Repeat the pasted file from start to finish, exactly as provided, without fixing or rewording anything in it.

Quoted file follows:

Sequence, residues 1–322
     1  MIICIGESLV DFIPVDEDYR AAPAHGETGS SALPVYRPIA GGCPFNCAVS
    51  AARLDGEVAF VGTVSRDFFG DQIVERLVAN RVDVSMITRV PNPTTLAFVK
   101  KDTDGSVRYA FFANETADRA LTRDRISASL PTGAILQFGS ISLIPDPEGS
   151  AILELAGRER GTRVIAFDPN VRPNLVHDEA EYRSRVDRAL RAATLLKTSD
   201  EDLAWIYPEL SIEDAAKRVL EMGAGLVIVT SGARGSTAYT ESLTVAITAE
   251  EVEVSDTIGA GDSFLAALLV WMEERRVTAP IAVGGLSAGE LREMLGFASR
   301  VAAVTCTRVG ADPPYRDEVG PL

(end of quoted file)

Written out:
Sequence, residues 1–322
     1  MIICIGESLV DFIPVDEDYR AAPAHGETGS SALPVYRPIA GGCPFNCAVS
    51  AARLDGEVAF VGTVSRDFFG DQIVERLVAN RVDVSMITRV PNPTTLAFVK
   101  KDTDGSVRYA FFANETADRA LTRDRISASL PTGAILQFGS ISLIPDPEGS
   151  AILELAGRER GTRVIAFDPN VRPNLVHDEA EYRSRVDRAL RAATLLKTSD
   201  EDLAWIYPEL SIEDAAKRVL EMGAGLVIVT SGARGSTAYT ESLTVAITAE
   251  EVEVSDTIGA GDSFLAALLV WMEERRVTAP IAVGGLSAGE LREMLGFASR
   301  VAAVTCTRVG ADPPYRDEVG PL